increase further with global warming, hence this is a good example of
a situation where science and disaster management can come together
and avert damage,” a spokesman for India’s National Disaster
Management Authority noted on Friday.
(Hot Dust. A dust storm rolls through New Delhi on Friday amidst furnace-like 113 degree heat snarling traffic and resulting in the tragic loss of 9 more lives. Image source: Gaurav Karoliwal/YouTube Screenshot.)
the heatwave continued to gain ground, with Kota and Rajasthan
reaching an all-time record of 116 degree F (46.5 C) as New Delhi’s
mercury hit 113 degrees F in the midst of a drought-induced dust
storm. Dust shrouding the city spurred traffic chaos and in the heat,
darkness, and confusion nine more souls were lost.
two months of growing disruption due to heat and drought, the lands
and peoples of India cry out for a Monsoon that is running later and
later with each new weather report.
Change + El Nino: Adding Heat and Beating Back the Monsoon
systems approach tipping points, they are more likely to tilt toward
India this year, its seasonally warmest period from April to May
found severe heat amplification from a number of global factors.
First, climate change seeded the ground for the current Indian
heatwave by adding general heat and evaporation to already hot
conditions. With global average heating of +0.8 C above 1880s levels
amplifying in the hot zones, early moisture loss due to
higher-than-normal temperatures produces a kind of snowball effect
for still more warming. Essentially, the cooling effect of water
evaporation is baked out early allowing for heat to hit harder just
as typical seasonal maximums are reached.
(Equatorial Pacific Ocean temperatures warmed to +0.63 C positive anomaly on May 30th, extending further into El Nino Range. Image source: University of Maine.)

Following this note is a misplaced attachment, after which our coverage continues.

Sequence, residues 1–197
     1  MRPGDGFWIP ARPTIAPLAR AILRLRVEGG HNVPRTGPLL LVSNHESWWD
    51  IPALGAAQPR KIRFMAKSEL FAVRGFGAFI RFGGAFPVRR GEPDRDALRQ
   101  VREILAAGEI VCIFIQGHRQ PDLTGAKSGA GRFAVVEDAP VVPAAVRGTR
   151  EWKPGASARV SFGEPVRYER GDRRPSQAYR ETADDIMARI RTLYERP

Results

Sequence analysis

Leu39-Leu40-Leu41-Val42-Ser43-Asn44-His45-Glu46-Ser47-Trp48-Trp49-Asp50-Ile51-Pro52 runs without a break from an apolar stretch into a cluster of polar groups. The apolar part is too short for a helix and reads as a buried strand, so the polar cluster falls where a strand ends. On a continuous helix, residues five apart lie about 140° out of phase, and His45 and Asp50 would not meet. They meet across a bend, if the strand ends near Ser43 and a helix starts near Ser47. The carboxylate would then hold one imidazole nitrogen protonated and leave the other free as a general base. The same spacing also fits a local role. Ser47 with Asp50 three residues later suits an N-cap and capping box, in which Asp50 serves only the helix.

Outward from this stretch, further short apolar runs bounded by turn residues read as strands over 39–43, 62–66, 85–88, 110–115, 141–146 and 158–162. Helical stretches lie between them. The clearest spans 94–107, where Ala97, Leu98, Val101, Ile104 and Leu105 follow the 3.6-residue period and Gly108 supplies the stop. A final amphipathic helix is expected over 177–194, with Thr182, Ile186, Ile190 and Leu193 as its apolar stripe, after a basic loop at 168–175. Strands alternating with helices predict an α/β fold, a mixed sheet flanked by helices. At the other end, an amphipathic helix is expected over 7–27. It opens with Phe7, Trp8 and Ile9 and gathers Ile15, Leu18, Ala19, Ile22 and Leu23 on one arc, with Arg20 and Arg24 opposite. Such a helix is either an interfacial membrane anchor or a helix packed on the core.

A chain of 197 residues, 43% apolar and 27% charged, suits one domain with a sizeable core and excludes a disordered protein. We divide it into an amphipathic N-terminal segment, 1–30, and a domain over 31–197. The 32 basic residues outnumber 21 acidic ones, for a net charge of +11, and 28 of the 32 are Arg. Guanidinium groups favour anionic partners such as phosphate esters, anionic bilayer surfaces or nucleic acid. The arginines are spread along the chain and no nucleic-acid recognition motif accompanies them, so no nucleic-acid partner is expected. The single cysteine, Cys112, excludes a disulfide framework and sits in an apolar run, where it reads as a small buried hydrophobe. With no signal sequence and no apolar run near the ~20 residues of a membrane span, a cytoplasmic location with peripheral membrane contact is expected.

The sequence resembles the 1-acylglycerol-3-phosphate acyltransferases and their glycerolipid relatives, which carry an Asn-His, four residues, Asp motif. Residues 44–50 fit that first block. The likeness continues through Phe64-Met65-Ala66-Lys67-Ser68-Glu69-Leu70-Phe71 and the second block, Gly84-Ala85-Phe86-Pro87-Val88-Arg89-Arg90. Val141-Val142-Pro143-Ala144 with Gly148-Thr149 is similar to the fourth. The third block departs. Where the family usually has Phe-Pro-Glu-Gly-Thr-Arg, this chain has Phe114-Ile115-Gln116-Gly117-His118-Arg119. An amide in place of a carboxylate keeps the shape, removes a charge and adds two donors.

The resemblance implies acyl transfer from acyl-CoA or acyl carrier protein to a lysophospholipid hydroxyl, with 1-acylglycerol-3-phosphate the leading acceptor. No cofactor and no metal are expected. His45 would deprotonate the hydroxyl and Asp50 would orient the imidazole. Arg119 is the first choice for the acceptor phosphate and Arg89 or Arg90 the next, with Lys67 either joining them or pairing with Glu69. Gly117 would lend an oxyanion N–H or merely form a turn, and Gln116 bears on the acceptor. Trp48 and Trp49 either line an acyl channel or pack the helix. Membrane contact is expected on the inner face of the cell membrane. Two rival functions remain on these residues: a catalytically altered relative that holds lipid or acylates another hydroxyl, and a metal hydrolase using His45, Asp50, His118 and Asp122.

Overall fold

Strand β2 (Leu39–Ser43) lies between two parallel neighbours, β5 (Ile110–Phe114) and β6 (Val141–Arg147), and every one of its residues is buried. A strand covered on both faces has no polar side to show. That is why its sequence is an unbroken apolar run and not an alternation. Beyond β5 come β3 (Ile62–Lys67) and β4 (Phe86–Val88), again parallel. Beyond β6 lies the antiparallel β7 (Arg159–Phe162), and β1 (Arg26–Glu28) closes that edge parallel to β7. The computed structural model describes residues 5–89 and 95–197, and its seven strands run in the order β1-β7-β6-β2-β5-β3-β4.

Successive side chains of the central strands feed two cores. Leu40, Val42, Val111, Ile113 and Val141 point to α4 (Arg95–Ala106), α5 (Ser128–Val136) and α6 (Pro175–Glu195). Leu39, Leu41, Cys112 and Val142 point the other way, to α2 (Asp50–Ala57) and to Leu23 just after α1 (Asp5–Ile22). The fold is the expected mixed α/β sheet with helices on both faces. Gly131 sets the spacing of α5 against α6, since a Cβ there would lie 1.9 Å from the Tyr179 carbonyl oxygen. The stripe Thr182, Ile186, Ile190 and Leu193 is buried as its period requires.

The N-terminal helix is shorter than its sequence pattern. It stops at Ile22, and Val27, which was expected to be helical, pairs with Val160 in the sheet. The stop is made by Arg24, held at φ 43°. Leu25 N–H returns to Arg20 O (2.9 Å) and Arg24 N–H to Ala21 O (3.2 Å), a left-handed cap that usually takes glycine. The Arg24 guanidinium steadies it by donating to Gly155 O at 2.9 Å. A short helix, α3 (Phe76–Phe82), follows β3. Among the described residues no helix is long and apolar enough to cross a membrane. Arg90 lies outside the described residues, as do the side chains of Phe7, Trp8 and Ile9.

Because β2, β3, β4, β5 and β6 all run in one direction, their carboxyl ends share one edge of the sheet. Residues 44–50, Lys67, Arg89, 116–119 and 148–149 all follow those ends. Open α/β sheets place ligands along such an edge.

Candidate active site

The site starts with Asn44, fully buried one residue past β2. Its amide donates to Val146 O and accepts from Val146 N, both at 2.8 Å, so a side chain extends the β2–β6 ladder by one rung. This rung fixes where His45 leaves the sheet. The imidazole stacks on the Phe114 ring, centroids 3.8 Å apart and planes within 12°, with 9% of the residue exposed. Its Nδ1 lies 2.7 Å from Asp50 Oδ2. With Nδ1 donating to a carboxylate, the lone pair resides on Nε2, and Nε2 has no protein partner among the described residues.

addition, this year saw rapid progress toward an El Nino event in the
Pacific Ocean with sea surface temperatures warming into the El Nino
range by mid-May and continuing to ramp higher. By today, Equatorial
Pacific anomalies had hit +0.63 C according to GFS analysis,
extending a run into El Nino conditions.
Nino events typically allow for the formation of hot, drier air over
India. These air masses tend to engender extreme heatwaves like the
one we are seeing now even as they delay the onset of cooling
monsoonal rains. In essence, the monsoon is confronted with a heavy
and entrenched wall of hot air that doggedly resists being shoved
aside. And this is the very situation we observe now over India — a
sputtering monsoon to the east getting bullied by a brutally hot and
thick air mass that just won’t give ground. Climate change only
exaggerates the problem by increasing the intensity and inertia of
the hot air mass.
monsoonal disruptions typically occur during years following an El
Nino’s peak heating impact. For example, in 1998, during a period
following an extreme El Nino in the Pacific Ocean, India suffered one
of its most severe droughts and monsoonal delays on record. But
during recent years preceding El Nino, such as 2009, India also saw
severe heat, drying, and crop damage due to a weakening of the annual
summer rains. So an early monsoonal enfeeblement and coincident
strong heatwaves and droughts over India with El Nino still forming
is cause for some concern and bears further monitoring.
temperatures over India are surging to between 5 and 12 degrees
Celsius above already hot averages. With heat and drought firmly in
place, forecasts are calling for a 1 to 2 week delay in the cooling
and moisture-bringing monsoon as India continues to swelter.